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|Be Aware of Emerging COVID-19 Scams
|Several government agencies have issued a bulletin warning of a new type of COVID-19 scam. Along with the previously reported scams involving personal protective equipment (PPE), COVID-19 testing, and economic stimulus payments, fraudsters are now leveraging the availability of the COVID-19 vaccine. According to the bulletin, victims are being coerced to make an out-of-pocket payment for the vaccine and provide personally identifiable information with a false promise to move their name up on the list of vaccine recipients.
The FBI warns of the following potential indicators of fraudulent activity:
1. Advertisements or offers for early access to the vaccine upon payment of a deposit or fee
2. Requests asking for out-of-pocket payment to obtain the vaccine or be added to the COVID-19 vaccine waiting list
3. Offers to provide additional medical testing or procedures when obtaining the vaccine
4. Marketers offering to sell and/or ship doses of a vaccine, domestically or internationally, in exchange for payment of a deposit or fee
5. Unsolicited emails, telephone calls, or personal contact from someone claiming to be from a medical office, insurance company or COVID-19 vaccine center requesting personal and/or medical information to determine eligibility to participate in clinical vaccine trials or obtain the vaccine
6. Claims of FDA approval for a vaccine that cannot be verified
7. Advertisements for vaccines through social media platforms, email, telephone calls, websites or unsolicited/unknown sources
8. Unsolicited emails, telephone calls, or personal contact from someone claiming to be a government official requiring you to receive a COVID-19 vaccine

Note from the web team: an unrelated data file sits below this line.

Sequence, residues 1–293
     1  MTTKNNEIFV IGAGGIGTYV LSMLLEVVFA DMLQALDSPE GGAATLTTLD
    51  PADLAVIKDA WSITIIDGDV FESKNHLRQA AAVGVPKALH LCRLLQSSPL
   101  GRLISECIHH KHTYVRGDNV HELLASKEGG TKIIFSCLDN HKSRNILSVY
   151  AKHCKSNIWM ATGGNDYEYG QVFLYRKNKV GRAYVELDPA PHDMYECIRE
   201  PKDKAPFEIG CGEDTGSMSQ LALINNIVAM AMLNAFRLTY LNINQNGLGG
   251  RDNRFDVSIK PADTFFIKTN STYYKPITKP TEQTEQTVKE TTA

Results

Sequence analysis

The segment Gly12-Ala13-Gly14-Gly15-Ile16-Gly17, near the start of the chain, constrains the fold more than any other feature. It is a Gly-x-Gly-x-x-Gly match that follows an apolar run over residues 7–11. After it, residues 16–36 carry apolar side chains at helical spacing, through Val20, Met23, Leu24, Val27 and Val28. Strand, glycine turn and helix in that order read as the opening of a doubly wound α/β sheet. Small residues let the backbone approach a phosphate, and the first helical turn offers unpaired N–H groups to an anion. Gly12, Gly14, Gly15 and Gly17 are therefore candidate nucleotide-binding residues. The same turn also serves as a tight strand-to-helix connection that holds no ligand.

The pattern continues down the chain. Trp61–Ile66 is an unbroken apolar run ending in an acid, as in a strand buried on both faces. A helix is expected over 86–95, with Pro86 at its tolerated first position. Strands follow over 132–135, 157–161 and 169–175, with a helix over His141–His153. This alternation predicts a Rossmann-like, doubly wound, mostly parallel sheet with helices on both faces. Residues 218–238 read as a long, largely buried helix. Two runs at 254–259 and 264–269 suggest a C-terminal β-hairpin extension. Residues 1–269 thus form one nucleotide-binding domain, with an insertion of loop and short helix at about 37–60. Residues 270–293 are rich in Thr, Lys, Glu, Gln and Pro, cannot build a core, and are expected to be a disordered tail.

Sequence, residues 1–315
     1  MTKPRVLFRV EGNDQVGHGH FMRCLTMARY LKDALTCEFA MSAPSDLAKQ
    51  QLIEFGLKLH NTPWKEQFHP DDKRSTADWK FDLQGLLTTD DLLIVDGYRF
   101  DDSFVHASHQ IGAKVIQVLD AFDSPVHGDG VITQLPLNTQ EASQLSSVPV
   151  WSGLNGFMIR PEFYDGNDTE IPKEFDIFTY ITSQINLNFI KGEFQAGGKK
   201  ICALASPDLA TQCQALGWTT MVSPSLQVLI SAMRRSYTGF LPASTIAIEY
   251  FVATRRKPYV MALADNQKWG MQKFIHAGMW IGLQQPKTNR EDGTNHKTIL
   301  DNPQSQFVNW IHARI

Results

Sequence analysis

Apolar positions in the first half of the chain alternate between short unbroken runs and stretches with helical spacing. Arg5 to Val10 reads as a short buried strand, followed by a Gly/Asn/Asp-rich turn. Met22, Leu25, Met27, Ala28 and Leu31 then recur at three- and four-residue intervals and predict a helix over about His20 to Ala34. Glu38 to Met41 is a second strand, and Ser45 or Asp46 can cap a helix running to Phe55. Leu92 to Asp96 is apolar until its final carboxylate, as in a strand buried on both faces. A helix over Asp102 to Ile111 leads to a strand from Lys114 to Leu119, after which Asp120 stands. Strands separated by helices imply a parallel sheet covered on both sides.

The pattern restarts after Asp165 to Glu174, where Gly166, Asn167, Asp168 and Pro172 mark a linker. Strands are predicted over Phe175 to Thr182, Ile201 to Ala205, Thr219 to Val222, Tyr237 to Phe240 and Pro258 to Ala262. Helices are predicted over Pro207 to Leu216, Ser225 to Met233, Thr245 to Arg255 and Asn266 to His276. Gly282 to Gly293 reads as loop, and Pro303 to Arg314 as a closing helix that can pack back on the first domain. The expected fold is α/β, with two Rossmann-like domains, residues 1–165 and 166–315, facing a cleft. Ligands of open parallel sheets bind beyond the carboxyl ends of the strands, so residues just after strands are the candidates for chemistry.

Tips to avoid COVID-19 vaccine-related fraud:
1. Consult your state’s health department website for up-to-date information about authorized vaccine distribution channels.
2. Check the FDA’s website (fda.gov) for current information about vaccine emergency use authorization.
3. Consult your primary care physician before undergoing any vaccination.
4. Don’t share your personal or health information with anyone other than known and trusted medical professionals.
5. Check your medical bills and insurance explanation of benefits (EOBs) for any suspicious claims and promptly report such information to your health insurance provider.
6. Follow guidance from the CDC and other trusted medical professionals.
General techniques for online/cyber fraud prevention:
1. Verify the spelling of web addresses, websites, and email addresses that look trustworthy but may be imitations of legitimate websites.
2. Ensure operating systems and applications are updated to the most current versions.
3. Update anti-malware and anti-virus software and conduct regular network scans.
4. Do not enable macros on documents downloaded from an email unless necessary and only after ensuring the file is not malicious.
5. Do not communicate with or open emails, attachments, or links from unknown individuals.
6. Never provide personal information of any sort via email. Be aware that many emails requesting your personal information may appear to be legitimate.
7. Use strong two-factor authentication, using biometrics, hardware tokens, or authentication apps.
8. Disable or remove unnecessary software applications.
If you believe you are a victim of a COVID-19 scam, report it to the FBI at www.ic3.gov; wwwtips.fbi.gov; or 1-800-CALL-FBI.